Local soil contamination in 2011 was estimated at 2.5 million potentially contaminated sites in the EEA-39, of which about 45 % have been identified to date. About one third of an estimated total of 342 000 contaminated sites in the EEA-39 have already been identified and about 15 % of these 342 000 sites have been remediated. However, there are substantial differences in the underlying site definitions and interpretations that are used in different countries.
Four management steps are defined for the management and control of local soil contamination, namely site identification (or preliminary studies), preliminary investigations, main site investigations, and implementation of risk reduction measures. Progress with each of these steps provides evidence that countries are identifying potentially contaminated sites, verifying if these sites are actually contaminated and implementing remediation measures where these are required. Some countries have defined targets for the different steps.
Thirty of the 39 countries surveyed maintain comprehensive inventories for contaminated sites: 24 countries have central national data inventories, while six countries, namely Belgium, Bosnia-Herzegovina, Germany, Greece, Italy and Sweden, manage their inventories at the regional level. Almost all of the inventories include information on polluting activities, potentially contaminated sites and contaminated sites.
Contaminated soil continues to be commonly managed using “traditional” techniques, e.g. excavation and off-site disposal, which accounts for about one third of management practices. In-situ and ex-situ remediation techniques for contaminated soil are applied more or less equally.
Overall, the production sectors contribute more to local soil contamination than the service sectors, while mining activities are important sources of soil contamination in some countries. In the production sector, metal industries are reported as most polluting whereas the textile, leather, wood and paper industries are minor contributors to local soil contamination. Gasoline stations are the most frequently reported sources of contamination for the service sector.
The relative importance of different contaminants is similar for both liquid and solid matrices. The most frequent contaminants are mineral oils and heavy metals. Generally, phenols and cyanides make a negligible overall contribution to total contamination.
On average, 42 % of the total expenditure on the management of contaminated sites comes from public budgets. Annual national expenditures for the management of contaminated sites are on average about EUR 10.7 per capita. This corresponds to an average of 0.041 % of the national GDP. Around 81 % of the annual national expenditures for the management of contaminated sites is spent on remediation measures, while only 15 % is spent on site investigations.
It should be noted that all results derive from data provided by 27 (out of 39) countries that returned the questionnaire, and not all countries answered all questions.
105 million ha., or 16 % of Europe’s total land area (excluding Russia) were estimated to be affected by water erosion in the 1990s.
Some 42 million ha. of land were estimated to be affected by wind erosion, of which around 1 million ha. were categorised as being severely affected.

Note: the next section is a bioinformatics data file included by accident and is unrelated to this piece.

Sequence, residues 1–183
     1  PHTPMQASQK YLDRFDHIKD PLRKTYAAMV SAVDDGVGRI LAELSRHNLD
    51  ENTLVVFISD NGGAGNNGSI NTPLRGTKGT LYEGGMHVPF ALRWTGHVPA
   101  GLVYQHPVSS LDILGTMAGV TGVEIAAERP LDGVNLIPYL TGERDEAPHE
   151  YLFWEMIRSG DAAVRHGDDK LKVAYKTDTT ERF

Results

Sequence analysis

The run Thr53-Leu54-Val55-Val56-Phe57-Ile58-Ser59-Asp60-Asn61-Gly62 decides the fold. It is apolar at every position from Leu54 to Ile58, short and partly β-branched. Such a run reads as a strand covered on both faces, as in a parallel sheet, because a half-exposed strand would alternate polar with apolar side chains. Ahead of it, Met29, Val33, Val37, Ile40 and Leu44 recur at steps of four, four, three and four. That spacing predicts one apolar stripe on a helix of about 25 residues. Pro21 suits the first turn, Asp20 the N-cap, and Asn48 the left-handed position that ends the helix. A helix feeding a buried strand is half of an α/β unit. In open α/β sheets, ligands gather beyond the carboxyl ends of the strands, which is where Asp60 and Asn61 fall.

A recent new model of soil erosion by water has estimated the surface area affected in the EU‐27 at 130 million ha. Almost 20 % is subjected to soil loss in excess of 10 tonnes/ha./year.
Increased variations in rainfall pattern and intensity will make soils more susceptible to water erosion, with off-site effects of soil erosion increasing.
Increased aridity will make finer-textured soils more vulnerable to wind erosion, especially if accompanied by a decrease in soil organic matter levels.
Reliable quantitative projections for soil erosion are not available.
Soil water retention is a major soil hydrological property that governs soil functioning in ecosystems and greatly affects soil management.
There is no clear indication on past trends for water retention across the EU due to a lack of systematic and harmonised data.
Water retention capacity and soil moisture content will be affected by rising temperatures and by a decline in soil organic matter due to both changes in climate and land management.
Projections (for 2071–2100) show a general reduction in summer soil moisture over most of Europe, significant reductions in the Mediterranean region, and increases in the north-eastern part of Europe.
Maintaining water retention capacity and porosity are important to reduce the impacts of intense rainfall and droughts, which are projected to become more frequent and severe.
Soil carbon stocks in the EU-27 are around 75 billion tonnes of carbon; around 50 % of which is located in Ireland, Finland, Sweden and the United Kingdom (because of the large area of peatlands in these countries).
The largest emissions of CO 2 from soils are due to conversion (drainage) of organic soils, and amount to 20–40 tonnes of CO 2 per hectare per year. The most effective option to manage soil carbon in order to mitigate climate change is to preserve existing stocks in soils, and especially the large stocks in peat and other soils with a high content of organic carbon.
On average, soils in Europe are most likely to be accumulating carbon. Soils under grassland and forests are a carbon sink (estimated up to 80 million tonnes of carbon per year) whereas soils under arable land are a smaller carbon source (estimated from 10–40 million tonnes of carbon per year).
The effects of climate change on soil organic carbon and soil respiration are complex, and depend on distinct climatic and biotic drivers. However, they lack rigorous supporting datasets.
Climate change is expected to have an impact on soil carbon in the long term, but changes in the short term will more likely be driven by land management practices and land use change